“This book looks into the heart of the driven Athena, the anguish of the writhing Medusa, and suggest ways of releasing the maiden into her vibrant womanhood before she is sacrificed to the perfection of death.”

“Only by loving our own maiden, and allowing her to find the deep down passion within herself, can we dare to open ourselves to the raging goddess at the core of the addiction. Only through love can we transform her and allow her to transform us.”

The I Ching, the Chinese Book of Changes, recognizes the continual shifts that go on within the individual. The Yang power, the creative masculine, moves ahead with steadfast perseverance toward a goal until it becomes too strong, begins to break—and then the Yin, the receptive feminine, enters from below and gradually moves toward the top. Life is a continual attempt to balance these two forces.”

“With growing maturity the individual is able to avoid the extreme of either polarity, so that the pendulum does not gain too much momentum by swinging too far to the right only to come crashing back to the left in a relentless cycle of action and reaction, inflation and depression.”

“Rather one recognizes that these poles are the domain of the gods, the extremes of black and white. To identify with one or the other can only lead to plunging into its opposite. The ratio is cruelly exact. The further I move into the white radiance on one side, the blacker the energy that is unconsciously constellating behind my back: the more I force myself to perfect my ideal image of myself, the more overflowing toilet bowls I’m going to have in my dreams.”

“As human creatures, not gods, we must go for the grey, the steady solid line that makes its serpentine way only slightly to left and right down the middle course between the opposites.”

“Essentially I am suggesting that many of us—men and women—are addicted in one way or another because our patriarchal culture emphasizes specialization and perfection.… Working so hard to create our own perfection we forget that we are human beings.”

Available from Inner City Books and from Amazon


“In essence I am suggesting that 20th-century women have been living for centuries in a male-oriented culture which has kept them unconscious of their own feminine principle.”

“Now in their attempt to find their own place in a masculine world, they have unknowingly accepted male values—goal-oriented lives, compulsive drivenness, and concrete bread which fails to nourish their feminine mystery.”

“Their unconscious femininity rebels and manifests in some somatic form. In this study, the Great Goddess either materializes in the obese, or devours the anorexic. Her victim must come to grips with her femininity by dealing with the symptom.”

“Only by discovering and loving the goddess lost within her own rejected body can a woman hear her own authentic voice. This book suggests practical ways of listening, and explores the meaning of the feminine”

On complexes: Jung “pointed out that an outward situation may release a psychic process in which certain contents gather together and prepare for action. This he called a ‘constellation’; this is an automatic process which the individual cannot control. ‘The constellated contents are definite complexes possessing their own specific energy.’”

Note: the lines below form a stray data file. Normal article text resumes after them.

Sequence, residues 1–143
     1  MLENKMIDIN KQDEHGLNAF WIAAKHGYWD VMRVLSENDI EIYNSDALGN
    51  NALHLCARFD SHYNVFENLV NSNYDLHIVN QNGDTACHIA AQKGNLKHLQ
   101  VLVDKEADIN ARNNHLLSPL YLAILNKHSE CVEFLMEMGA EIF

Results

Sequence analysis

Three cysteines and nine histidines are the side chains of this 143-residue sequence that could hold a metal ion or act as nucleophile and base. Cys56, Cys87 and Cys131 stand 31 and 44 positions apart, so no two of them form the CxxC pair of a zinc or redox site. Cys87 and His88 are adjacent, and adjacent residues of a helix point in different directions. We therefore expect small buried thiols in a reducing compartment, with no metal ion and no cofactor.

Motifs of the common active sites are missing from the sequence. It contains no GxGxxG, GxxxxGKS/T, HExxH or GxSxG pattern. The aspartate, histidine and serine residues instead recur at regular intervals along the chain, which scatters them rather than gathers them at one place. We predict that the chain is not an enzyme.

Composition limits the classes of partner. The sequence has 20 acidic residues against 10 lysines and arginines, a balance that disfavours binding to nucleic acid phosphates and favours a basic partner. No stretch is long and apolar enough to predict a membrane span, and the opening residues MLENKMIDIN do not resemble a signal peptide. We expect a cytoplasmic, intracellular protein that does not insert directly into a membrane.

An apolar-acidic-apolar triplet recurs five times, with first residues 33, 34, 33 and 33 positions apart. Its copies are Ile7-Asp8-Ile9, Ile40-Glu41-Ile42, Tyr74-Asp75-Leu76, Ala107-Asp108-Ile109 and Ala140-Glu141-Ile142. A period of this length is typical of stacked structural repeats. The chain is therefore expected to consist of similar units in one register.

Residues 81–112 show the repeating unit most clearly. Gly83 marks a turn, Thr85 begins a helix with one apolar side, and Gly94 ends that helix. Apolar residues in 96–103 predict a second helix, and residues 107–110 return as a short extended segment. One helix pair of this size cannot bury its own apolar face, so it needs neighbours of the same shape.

“An active complex puts us momentarily under a spell of compulsive thinking and acting.”

“The more unconscious the individual is, the greater autonomy the complex has, even to the point where it may assimilate the ego, the result being a momentary alteration of personality”

“In the Middle Ages, this was called possession or bewitchment. ‘The via regia to the unconscious, however,’ said Jung, ‘is not the dream, as [Freud] thought, but the complex, which is the architect of dreams and of symptoms.’”

Available from Inner City Books and from Amazon


“All my life I had hated my body. It was not beautiful enough. It was not thin enough. I had driven it, starved it, stuffed it, cursed it, and even now kicked it, and there it still was, trying to breathe, convinced that I would come back and take it with me, too dumb to die. And I knew the choice was mine.” p. 178

“I stayed first in Delhi, attempting to orient myself in that totally foreign world. … People shouted ‘Good evening’ in the morning and I knew something was wrong when I shouted back ‘Good evening.’ As my exhaustion grew, my ego could no longer make decisions and strange situations began to develop. I realized my own terror was constellating death around me.” p. 176

“‘You’re in culture shock,’ she said. ‘I’ve lived here for ten years. I can recognize it. We’ll go to your hotel, gather your luggage and I’ll take you to your plane. You must go home. Now.” ~an American woman to Marion Woodman in India, p. 177

“‘I can’t do that,’ I said. ‘I can’t live with that defeat. I’d have to come back and try again and I can’t do that either.’ ‘You cannot stay,’ she said. ‘Peace Corps people go into culture shock and sometimes take knives to each other.’ But I did stay.”

“India was my fire. Certainly it is not everyone’s. We each are thrown into our own fire and the room in the Ashoka Hotel was mine. There was no one to phone, no one to visit, nothing to do. All escapes were cut off. I had to move into my own silence and find out who was in there.”

Available from Inner City Books and from Amazon